Sophie Allison is originally from Nashville, though her roots don’t often show up in the muted bedroom pop she makes as Soccer Mommy. But on “Last Girl,” with a full band in tow for the first time ever on record, it’s apparent that she grew up in the country capital of the world and inherited the naturalistic storytelling characteristics that come with the genre. There’s echoes of Taylor Swift in the jealous girlfriend narrative of the track, but the unflashy nature of Allison’s songwriting calls back to an even earlier era of confessional dejection. “Last Girl” pivots around an aching question — “Why would you want to be with me when she’s got everything you’ll ever need?” — and each verse is a putdown ramp-up about the worries that can’t stop rattling around inside her head. That Allison is able to channel that insecurity and second guessing into something as sickly sweet as “Last Girl” is a testament to what makes the project so great, and an encouraging sign of things to come. –James
“Pleasure,” Feist’s first new song in almost six years, starts at a whisper and stays there for almost its entire run. When that bluesy classic rock riff hits in the middle of the track and again towards the end, it feels almost like an afterthought, a reflex. It’s a ways removed from the muddy operatics of 2011’s Metals or her big commercial breakthrough, 2007’s The Reminder. Instead, Leslie Feist uses “Pleasure” to remind us of her origins. In the first interview she gave about her new album, Feist reminisced on the early days of her career when she could pull out her guitar and stun on the spot. “I cut my teeth doing that for years and I wanted to sort of fess up and make sure that I could still do that,” she said.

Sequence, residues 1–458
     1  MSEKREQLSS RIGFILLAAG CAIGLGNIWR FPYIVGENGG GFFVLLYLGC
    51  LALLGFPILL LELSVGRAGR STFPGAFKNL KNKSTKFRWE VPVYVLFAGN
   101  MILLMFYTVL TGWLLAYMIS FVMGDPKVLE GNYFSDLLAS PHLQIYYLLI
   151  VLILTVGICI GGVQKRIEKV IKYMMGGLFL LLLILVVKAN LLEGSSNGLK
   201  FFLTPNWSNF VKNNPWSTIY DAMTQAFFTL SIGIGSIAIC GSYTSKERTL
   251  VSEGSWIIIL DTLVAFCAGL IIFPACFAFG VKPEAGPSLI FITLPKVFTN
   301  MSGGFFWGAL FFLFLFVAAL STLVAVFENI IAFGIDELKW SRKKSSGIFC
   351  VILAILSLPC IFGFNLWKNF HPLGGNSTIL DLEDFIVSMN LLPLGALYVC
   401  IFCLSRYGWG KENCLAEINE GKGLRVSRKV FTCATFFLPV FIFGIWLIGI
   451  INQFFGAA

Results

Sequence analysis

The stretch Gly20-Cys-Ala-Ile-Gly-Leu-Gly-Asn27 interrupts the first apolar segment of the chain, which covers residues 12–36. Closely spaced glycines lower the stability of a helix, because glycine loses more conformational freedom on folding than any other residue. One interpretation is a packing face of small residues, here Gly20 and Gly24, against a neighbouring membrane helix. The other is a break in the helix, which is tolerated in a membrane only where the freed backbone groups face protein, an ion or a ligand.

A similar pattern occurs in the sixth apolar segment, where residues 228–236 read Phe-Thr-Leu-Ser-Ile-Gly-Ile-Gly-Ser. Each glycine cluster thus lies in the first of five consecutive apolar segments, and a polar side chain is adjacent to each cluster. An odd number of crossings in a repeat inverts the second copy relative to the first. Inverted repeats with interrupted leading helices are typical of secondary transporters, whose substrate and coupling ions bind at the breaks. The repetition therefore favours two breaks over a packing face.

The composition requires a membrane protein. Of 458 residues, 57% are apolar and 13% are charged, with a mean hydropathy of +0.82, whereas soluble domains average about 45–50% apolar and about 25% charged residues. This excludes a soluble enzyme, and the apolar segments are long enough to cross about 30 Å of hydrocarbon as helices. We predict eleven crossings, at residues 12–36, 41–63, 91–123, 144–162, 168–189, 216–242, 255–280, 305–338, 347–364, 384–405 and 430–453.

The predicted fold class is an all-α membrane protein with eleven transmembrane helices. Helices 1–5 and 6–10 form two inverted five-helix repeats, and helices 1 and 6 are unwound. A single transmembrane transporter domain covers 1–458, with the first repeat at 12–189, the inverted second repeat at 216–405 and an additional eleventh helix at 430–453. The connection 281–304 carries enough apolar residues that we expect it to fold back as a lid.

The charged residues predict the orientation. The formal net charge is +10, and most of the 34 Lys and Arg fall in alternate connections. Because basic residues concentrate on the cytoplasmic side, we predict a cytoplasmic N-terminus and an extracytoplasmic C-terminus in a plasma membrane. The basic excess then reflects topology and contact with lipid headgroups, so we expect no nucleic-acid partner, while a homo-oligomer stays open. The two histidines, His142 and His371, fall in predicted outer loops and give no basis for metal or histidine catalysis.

And “Pleasure” is enticing in how bare-bones it is. It reminds you of the wonders that Feist can conjure with just her voice, in the deliberateness over what words she emphasizes and which she chooses to swallow. “Get what I want, and still it’s a mysterious thing I want,” she sings in the opening lines. “So when I get it, I make sense of a mysterious thing.” Feist explores the impassable distance of constantly wanting more: What is pleasure if not a dull, momentary satisfaction before you’re back to desiring again, waiting for the next rush? “It’s my pleasure/ And your pleasure,” goes the chorus of banal niceties — an endless, repetitive cycle of always wanting. –James
When The FADER profiled Perfume Genius’ Mike Hadreas, they titled the article “How Perfume Genius Grew Up And Started Thriving.” The piece is about Hadreas’ life as a sober, stable artist living with his longtime partner in Tacoma, WA. He spends a lot of time hanging out with his adorable dog in his comfortable home, and whatever “having it all” is, Hadreas seems pretty damn close. The first single off of Perfume Genius’ forthcoming album, No Shape, is a song called “Slip Away” and it is the sound of someone who is finally figuring shit out and reveling in the confidence that comes with knowing you’re really good at what you do. Kate Bush-level theatrics are turned all the way up on both this song and its accompanying video, which finds Hadreas running from a pack of goblins in a Garden Of Earthly Delights of sorts. “Take my hand/ Take my everything/ If we only got a moment,” Hadreas pauses before his voice descends to a command. “Give it to me now.” “Slip Away” would sound good in any context, but it’s kind of the perfect song for spring; the type that makes you want to walk out on your job midday, to “let all them voices slip away.” I’m still sitting here after a dozen or so listens, but spend some time with this one and you’ll see what I mean. —Gabriela